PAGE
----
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Army without 'vital vehicles'

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  • Herr Klutz
    Guest replied
    well if we got serious about defence it'd be the EU or NATO paying for it so its all good...

    And they spend (nay, waste) how much of GDP per year?

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  • Guest
    Guest

  • Shrike21
    Guest replied
    Originally posted by Herr Klutz
    What is the defence forces budget these days? more or less than a billion euro's?
    I think Last years budget (2002) was €890 million, with about 50-60% going on pay alone. :confused:
    I think that works out at about 0.7-0.8% of GDP.
    If the government ever got serious about Defence they would have to spend at least double that amount.

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  • paul g
    replied
    Correct Aidan, that why i said rumour, tho it came from a friend in UD who knows things. As for FCS intresting concept, would be nice if the Piranha III in Irish service was interim as well. A lot will depend on how stryker performs in iraq. The arguement is that while tracks proved themselves in Iraq during the inital phase, that only lasts a few days weeks, what will prove itself in the longer term, and the sort of war that is in the process of in Iraq will be wheels. Given technological advances, the arguement goes, that wheeled vehicles have evolved so much since 1980, possibly it would make more sense to get rid of tracks althogether, and invest in wheels which have greater strategic mobility. If a LAV gets a puncture or hits a mine, it can still drive on, if an Abrams track hits a mine, its stuck. Range is another consideration.

    Personally I think the Stryker decision points in a major shift in US army policy, going back to your point about Irish policy in buying armoured vehicles, don't forget that the Stryker order was the US army's first major decision in AFV since the 1970's, and given that the M-113A3/m-8 GS appears to have been a viable and far cheeper alternative, and other tracks were trialed, suggests that longer term changes are afoot.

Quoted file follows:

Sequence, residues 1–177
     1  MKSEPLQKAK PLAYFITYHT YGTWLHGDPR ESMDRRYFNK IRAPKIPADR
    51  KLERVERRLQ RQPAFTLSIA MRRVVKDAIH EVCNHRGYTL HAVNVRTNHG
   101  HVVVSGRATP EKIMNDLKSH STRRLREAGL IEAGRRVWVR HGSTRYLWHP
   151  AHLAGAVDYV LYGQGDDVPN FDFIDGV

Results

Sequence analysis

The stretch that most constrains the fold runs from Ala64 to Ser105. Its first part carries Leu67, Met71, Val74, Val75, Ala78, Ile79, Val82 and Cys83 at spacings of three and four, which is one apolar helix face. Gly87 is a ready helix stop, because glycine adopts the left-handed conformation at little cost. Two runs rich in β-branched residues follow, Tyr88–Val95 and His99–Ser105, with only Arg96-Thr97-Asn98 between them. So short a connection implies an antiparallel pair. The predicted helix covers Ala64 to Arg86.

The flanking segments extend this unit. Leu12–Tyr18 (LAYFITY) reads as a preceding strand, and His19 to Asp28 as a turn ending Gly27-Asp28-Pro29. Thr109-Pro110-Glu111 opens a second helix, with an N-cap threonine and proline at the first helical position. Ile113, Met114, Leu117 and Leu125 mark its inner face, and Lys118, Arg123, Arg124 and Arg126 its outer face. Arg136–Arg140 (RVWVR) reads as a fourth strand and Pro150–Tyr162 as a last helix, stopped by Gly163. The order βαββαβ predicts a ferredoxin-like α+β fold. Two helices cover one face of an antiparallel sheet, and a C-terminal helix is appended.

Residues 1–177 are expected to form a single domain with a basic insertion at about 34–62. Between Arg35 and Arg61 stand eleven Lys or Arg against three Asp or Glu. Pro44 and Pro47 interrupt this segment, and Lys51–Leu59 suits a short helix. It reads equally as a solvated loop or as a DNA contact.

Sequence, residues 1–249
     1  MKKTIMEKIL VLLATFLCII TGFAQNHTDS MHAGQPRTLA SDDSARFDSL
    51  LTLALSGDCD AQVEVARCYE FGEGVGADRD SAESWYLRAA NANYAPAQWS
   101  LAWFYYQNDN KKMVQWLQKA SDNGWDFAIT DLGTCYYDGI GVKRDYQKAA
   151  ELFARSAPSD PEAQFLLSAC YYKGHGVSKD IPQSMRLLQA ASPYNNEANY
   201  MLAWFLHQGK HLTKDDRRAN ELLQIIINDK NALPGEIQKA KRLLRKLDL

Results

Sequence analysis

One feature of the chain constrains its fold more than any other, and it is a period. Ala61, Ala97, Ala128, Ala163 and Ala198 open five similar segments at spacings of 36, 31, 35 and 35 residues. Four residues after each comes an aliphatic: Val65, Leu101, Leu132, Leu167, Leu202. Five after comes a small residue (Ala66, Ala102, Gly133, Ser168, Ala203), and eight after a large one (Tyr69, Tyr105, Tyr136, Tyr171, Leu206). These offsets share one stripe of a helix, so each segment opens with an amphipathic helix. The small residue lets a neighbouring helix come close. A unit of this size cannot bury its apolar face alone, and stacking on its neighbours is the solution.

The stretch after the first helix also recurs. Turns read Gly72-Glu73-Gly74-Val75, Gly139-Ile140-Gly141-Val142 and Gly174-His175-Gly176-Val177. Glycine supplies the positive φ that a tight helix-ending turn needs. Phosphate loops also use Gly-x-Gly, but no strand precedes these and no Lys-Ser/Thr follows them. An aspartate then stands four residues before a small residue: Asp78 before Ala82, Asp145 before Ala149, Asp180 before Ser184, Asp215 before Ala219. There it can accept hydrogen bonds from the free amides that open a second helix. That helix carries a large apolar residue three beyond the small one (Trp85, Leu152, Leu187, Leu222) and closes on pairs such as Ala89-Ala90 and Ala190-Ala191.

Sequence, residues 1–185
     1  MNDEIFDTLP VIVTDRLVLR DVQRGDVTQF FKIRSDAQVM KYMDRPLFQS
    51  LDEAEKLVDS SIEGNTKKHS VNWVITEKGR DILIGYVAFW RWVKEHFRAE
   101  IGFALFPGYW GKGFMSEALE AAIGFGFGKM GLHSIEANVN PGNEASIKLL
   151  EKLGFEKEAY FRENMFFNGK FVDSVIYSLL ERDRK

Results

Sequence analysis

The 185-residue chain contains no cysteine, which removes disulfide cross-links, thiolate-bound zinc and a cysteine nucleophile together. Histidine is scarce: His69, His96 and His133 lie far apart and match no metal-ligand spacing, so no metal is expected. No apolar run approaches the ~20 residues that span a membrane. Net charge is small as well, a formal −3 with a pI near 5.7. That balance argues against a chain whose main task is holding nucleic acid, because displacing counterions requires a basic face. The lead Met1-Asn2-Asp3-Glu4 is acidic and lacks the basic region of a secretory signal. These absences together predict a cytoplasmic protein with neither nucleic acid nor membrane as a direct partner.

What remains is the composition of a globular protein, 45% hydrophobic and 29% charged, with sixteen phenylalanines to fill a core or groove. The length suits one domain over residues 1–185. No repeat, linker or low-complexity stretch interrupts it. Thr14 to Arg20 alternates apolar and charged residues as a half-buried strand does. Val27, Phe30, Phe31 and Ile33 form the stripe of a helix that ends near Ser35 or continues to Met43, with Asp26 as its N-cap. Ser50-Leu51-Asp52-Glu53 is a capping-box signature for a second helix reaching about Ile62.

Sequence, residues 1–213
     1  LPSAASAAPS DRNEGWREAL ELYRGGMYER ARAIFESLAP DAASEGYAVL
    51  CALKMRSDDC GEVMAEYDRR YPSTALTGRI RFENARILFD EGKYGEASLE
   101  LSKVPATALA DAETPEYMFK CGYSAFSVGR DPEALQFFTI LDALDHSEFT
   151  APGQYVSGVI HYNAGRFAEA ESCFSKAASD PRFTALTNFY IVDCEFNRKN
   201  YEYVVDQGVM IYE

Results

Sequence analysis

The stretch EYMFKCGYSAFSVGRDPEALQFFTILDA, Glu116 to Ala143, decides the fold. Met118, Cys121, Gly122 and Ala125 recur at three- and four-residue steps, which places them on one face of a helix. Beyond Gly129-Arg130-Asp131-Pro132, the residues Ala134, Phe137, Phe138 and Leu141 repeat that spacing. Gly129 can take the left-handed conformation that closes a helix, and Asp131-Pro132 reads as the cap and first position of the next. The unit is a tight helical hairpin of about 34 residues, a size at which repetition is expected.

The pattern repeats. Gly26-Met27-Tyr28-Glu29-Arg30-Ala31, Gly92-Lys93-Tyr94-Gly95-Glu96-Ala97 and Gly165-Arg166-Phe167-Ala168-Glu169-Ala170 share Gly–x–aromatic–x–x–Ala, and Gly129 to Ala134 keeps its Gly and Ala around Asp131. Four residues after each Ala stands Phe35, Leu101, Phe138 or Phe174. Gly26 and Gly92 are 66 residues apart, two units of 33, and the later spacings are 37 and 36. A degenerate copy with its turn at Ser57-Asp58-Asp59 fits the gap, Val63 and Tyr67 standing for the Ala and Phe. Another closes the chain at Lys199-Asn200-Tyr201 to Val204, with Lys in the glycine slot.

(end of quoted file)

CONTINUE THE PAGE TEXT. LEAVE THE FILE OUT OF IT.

Last edited by paul g; 8 August 2003, 21:50.

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  • Guest
    Guest

  • Herr Klutz
    Guest replied
    What is the defence forces budget these days? more or less than a billion euro's? I don't think its even 1% of GDP and yet we spend over 50% of GDP on a health service that doesen't work and whenever we get a contract to build anything from a road to a big metal rod we usually end up going way over budget and usually overtime as well (how this can happen if you have normal contracts with the builders I don't know, but thats what we're talking about here...) and politions who have been known to take their unfair share from the national funds...perhaps then if we cut out all this bulls**t and worked like most normal countries we'd save a couple of million, if not billion euro's which could be invested into other areas including buying us some vital equipment...just a thought...

    (of course the funny thing is the easiest way to do so would be through a military coup, but unfortunatly we wouldn't have the resources to carry one out :D )